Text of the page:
One of Jeffrey Epstein's guards not a corrections officer

A person familiar with operations at the federal jail where Jeffrey Epstein killed himself says one of the two people guarding him the night he died wasn't a correctional officer.

The person wasn't authorized to disclose information about the investigation and spoke on condition of anonymity.

The person said Epstein hanged himself with a bedsheet, days after being taken off a suicide watch.

Federal prisons facing shortages of fully trained guards have resorted to having other types of support staff fill in for correctional officers, including clerical workers and teachers.

Jail policy called for guards to check Epstein every 30 minutes, but investigators have learned those checks weren't done for several hours in the hours before he was discovered Saturday.

That's according to a second person who was not authorized to discuss the matter and also spoke on condition of anonymity.

The House Judiciary Committee is demanding answers from the Bureau of Prisons about the suicide.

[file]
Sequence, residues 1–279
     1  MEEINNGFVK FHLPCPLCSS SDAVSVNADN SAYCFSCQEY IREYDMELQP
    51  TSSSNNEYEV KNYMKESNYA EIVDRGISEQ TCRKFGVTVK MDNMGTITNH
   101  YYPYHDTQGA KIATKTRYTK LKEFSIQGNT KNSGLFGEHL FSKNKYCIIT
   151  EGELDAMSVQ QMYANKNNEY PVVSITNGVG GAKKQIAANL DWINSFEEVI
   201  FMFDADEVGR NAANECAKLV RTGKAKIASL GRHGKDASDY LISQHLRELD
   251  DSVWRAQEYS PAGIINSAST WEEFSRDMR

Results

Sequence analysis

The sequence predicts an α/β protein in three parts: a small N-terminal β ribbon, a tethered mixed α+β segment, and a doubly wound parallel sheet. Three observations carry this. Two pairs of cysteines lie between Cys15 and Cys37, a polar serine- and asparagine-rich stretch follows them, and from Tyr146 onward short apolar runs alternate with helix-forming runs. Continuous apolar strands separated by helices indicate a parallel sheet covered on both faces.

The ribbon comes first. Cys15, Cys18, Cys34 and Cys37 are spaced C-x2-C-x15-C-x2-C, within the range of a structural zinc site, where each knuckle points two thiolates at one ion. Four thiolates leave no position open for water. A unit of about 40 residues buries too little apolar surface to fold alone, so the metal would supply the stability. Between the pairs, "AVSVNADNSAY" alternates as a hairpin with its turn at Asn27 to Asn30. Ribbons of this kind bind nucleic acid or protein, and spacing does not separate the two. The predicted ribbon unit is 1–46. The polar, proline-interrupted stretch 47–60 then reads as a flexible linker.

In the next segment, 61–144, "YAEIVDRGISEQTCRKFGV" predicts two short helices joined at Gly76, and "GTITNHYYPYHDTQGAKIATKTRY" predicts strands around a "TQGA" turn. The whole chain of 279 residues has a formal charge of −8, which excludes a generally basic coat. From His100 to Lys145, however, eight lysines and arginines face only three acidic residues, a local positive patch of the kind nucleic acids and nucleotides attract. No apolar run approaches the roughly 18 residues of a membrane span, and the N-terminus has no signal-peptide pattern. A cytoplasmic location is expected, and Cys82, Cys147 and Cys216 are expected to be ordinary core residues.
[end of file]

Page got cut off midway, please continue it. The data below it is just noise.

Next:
House Judiciary Committee Chairman Jerrold Nadler and the top Republican on the panel, Georgia Rep. Doug Collins, wrote the bureau's acting director on Monday with several questions about the conditions in the prison before Epstein took his own life. The committee asked Hugh Hurwitz for details on the bureau's suicide prevention program, the circumstances of Epstein's confinement and details about specific employees who were working that night.

Epstein was found unresponsive in his cell Saturday morning. Nadler and Collins wrote that they agree with Attorney General William Barr that there are "serious questions" about Epstein's death.